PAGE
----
I decided to use all the images I’d shot during May and June for my final project. At this stage, I had no idea how the stills would look when creating a moving piece. I spent an evening (& a couple of hours the morning after) cropping the images to 1920 x 1080 pixels. About 4,000 in total!


After cropping each sequence, I checked them in Adobe Bridge to see how they looked. I have my favourites, but whether they will work or not remains to be seen…

Tasks 2, 3,  4 & 5

Transformations – Unit 1: Pt 24 Lightroom Slide Show

After a couple of weeks of major procrastination, hot weather, not enough sleep & too many external distractions, I decided that progress had to be made.

At the last class session, Zig suggested ustilising Adobe Lightroom to produce a slideshow version of what I was previously attempting in Adobe Premiere.

I had the images already prepared, so I gave it a go. It was quite straightforward to upload the files, I then adjusted the Slide Length & Cross Fades timing until I was happy with the result. One thing I did notice was the minimum time for the Slide Length is one second. The Cross Fade time that suited this best was four seconds. Here is the result:

Not totally happy with the result & will need further work, but am fascinated how the images transform, melting from one to the other.

Tasks 2, 3, 4 & 5

Transformations – Unit 1: Pt 23 South Bank & Summer Exhibition

One of my favourite annual events is the Summer Exhibition held at the Royal Academy & I decided to take a visit on Sunday 2nd July.

As it was a beautiful sunny day, I walked from to Piccadilly via the South Bank & Hungerford Bridge. Here are a few of my impressions of that stroll:

I then continued onto the main event. This is the third year I’ve visited this art extravaganza & I was again enthralled by the variance of work on display.

Some I loved, some I hated, some I just thought “why?!?!”. But it isn’t just about the work – I had some great conversations with those also perusing. It’s also a wonderful place to watch people.

Here are a few of my captures:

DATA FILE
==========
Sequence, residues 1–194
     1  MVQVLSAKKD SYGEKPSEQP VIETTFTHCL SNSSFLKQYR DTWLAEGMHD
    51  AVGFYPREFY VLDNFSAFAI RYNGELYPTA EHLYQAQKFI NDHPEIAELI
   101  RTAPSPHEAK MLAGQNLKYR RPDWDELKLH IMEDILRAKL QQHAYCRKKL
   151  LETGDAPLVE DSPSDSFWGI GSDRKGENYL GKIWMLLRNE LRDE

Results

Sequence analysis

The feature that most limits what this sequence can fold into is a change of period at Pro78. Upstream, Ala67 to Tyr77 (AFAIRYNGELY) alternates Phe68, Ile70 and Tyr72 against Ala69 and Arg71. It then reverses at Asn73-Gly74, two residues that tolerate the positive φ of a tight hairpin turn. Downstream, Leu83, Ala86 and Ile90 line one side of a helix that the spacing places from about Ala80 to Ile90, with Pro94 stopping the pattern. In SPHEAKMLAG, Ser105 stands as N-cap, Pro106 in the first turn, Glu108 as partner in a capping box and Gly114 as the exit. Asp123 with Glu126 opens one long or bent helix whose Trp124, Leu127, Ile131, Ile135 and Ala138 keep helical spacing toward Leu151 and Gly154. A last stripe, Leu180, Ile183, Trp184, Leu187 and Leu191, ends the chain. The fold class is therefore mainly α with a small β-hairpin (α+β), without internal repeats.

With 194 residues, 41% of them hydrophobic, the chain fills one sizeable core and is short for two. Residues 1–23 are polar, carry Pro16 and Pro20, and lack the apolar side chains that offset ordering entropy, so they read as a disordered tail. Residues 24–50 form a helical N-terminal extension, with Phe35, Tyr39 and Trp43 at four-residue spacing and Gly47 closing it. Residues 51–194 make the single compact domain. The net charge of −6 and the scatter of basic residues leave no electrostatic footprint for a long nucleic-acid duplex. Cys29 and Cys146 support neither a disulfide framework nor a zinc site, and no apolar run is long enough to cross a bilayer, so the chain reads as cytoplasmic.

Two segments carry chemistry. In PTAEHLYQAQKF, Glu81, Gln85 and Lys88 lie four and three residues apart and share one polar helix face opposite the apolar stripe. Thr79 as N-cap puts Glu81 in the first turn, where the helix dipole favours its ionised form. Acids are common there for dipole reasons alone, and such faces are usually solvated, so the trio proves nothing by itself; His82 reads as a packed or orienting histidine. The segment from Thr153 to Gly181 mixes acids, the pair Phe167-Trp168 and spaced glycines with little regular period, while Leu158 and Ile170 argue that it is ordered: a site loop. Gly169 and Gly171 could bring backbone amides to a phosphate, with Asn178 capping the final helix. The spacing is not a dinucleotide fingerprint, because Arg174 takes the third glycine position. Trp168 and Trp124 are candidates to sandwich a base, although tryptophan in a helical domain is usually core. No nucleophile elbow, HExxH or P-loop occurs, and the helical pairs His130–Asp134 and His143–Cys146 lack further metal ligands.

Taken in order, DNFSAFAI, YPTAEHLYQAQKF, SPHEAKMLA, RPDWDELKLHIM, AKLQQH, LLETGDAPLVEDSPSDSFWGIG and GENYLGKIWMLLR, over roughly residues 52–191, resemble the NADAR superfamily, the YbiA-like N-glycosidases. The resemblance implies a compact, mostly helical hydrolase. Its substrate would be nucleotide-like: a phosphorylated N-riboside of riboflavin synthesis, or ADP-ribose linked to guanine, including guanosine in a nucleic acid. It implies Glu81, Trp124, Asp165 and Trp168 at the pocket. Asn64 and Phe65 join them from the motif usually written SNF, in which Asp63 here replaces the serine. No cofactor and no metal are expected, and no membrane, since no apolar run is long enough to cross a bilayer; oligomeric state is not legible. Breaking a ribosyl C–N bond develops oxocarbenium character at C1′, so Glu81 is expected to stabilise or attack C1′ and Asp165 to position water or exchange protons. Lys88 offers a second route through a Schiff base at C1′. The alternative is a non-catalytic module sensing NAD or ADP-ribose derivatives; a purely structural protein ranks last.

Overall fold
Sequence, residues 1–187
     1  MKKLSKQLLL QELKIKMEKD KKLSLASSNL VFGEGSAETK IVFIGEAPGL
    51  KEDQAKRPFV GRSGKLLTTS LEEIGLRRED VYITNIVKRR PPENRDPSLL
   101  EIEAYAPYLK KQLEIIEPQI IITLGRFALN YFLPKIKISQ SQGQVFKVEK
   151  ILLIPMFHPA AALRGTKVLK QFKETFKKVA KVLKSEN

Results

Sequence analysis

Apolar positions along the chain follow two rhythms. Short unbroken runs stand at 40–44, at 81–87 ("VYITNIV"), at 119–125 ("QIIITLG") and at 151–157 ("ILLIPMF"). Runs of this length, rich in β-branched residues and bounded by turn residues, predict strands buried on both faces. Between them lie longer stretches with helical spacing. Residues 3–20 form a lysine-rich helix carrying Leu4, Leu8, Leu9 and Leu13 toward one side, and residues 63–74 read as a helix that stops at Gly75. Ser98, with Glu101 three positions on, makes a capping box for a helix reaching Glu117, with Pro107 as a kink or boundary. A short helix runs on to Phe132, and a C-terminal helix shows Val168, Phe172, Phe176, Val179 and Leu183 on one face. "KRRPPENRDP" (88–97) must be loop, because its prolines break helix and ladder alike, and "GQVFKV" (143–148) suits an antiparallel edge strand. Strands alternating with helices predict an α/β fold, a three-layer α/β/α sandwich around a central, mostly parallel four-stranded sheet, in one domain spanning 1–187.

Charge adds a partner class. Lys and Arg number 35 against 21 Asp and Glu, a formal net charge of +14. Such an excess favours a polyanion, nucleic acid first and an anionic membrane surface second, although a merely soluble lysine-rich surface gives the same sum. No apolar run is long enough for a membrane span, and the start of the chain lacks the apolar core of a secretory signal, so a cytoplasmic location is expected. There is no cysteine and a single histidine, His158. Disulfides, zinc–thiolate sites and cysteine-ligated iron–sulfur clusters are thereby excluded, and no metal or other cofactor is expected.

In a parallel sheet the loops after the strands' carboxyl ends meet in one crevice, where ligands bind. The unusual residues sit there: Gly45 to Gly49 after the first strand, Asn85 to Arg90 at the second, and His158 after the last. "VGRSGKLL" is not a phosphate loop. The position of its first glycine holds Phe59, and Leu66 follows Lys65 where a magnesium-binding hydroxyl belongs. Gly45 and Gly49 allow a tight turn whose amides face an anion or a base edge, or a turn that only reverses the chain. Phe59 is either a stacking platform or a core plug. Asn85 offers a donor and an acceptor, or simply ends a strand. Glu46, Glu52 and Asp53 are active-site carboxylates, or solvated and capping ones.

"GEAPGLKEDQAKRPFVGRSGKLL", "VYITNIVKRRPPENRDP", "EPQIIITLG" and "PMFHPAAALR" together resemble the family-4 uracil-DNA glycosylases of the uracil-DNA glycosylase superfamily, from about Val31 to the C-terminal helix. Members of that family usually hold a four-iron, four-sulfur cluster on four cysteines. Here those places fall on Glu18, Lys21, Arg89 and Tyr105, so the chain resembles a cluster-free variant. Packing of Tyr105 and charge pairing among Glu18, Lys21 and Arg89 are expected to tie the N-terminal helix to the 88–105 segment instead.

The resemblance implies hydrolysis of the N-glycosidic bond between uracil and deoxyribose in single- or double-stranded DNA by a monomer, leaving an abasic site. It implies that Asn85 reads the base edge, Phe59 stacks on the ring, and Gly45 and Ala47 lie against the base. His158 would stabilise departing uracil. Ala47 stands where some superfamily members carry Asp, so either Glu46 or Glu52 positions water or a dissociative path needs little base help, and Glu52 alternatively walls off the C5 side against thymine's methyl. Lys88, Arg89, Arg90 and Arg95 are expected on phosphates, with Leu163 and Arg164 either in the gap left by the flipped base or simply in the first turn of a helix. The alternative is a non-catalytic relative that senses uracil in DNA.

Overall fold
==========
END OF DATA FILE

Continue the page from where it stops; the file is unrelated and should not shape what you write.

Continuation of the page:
Task 3

Transformations – Unit 1: Pt 22 White Cube & Larry Bell

During my trip to London on Sunday 11th June, I visited the White Cube Gallery in Bermondsey. It was my first visit to this great building. Outside, it looks quite unassuming, but inside is a fantastic gallery space.


My main reason for this visit was to see the work of Larry Bell (born 1939) is a contemporary American artist & sculptor. I’ve not been aware of his work before, but, when I read up on his particular style, I knew I had to see this exhibition.

This is how the gallery puts his work into context:

“Since 1968, Bell has been developing his series of freestanding glass wall sculptures in varying scales and configurations. 6 x 6 An Improvisation is the culmination of this series. First shown at the Chinati Foundation in Marfa, Texas in 2014, it consists of 40 panels, each measuring 72 x 72 inches or approximately 6ft square, a measurement relational to the artist’s own height. ”

“Bell has reconfigured the panels for White Cube Bermondsey, creating what he terms an ‘Improvisation’, combining clear glass, grey glass and glass coated with Inconel (a nickel/chrome alloy) which results in it becoming, to variable degrees, reflective.”

“Arranged in right angle pairs, some that are inverted or doubled up, the sculpture forms a labyrinthine series of spaces that reflect and refract the interior architecture of the gallery. Highly dramatic and visually complex, 6 x 6 An Improvisation subverts the viewer’s spatial comprehension through a layered convergence of hues and densities, while maintaining an illusion of volume.” (1)

Also on the White Cube website are these enlightening comments by Bell on this series of freestanding wall works:

‘In some cases, it’s highly reflective where the glass parts come together; in others it is highly reflective where the glass touches the floor, and so on. And I like the idea of being able to just combine these things so they’d stand up, since the parts were all the same size. They balance in the weight of their own vertical thrust, and are anchored to the floor with glue, and equally bound together by glue. So they hold each other up, and I could change it any way I want. So there was a lot of versatility. That gives a certain kind of symmetry to the relationship of the reflective coatings to each other. I’m trying to say that symmetry comes from the relationship of the distance between the parts being half the width of the part.’ (2)

It was quite mesmerising walking round & taking in the ever-changing reflective effects. It does take a little while to get your head round what’s unfolding in front of your eyes. I think you could spend the whole day just observing the ghosts & shadows wandering past.

These are some of the photos I took of this fantastic installation during my visit:

Also on display was a new series called ‘Church Studies’. These are densely layered collages consisting of a combination of various papers & films. These are overlaid by fencing grids & props that have undergone a coating process. This process is carried out in Bell’s vacuum thermal evaporation machine that Bell has used since the mid-60s.

What is unique about these images is that, apart from the black arches & red paper, there is no actual pigment. The colour is the result of light reflecting on the thickness of the layers, which (as explained in a short film also shown at the exhibition) is called ‘instinctive colour’. This is the same as how light is refracted when it hits oil on water. The colour is dependent on the density of the oil on the water – hence the rainbow effect.

I really did enjoy seeing this exhibition. It reminded me of my own fascination of reflected light & how it can transform the ordinary. Even the average selfie:




Tasks 1, 2 & 3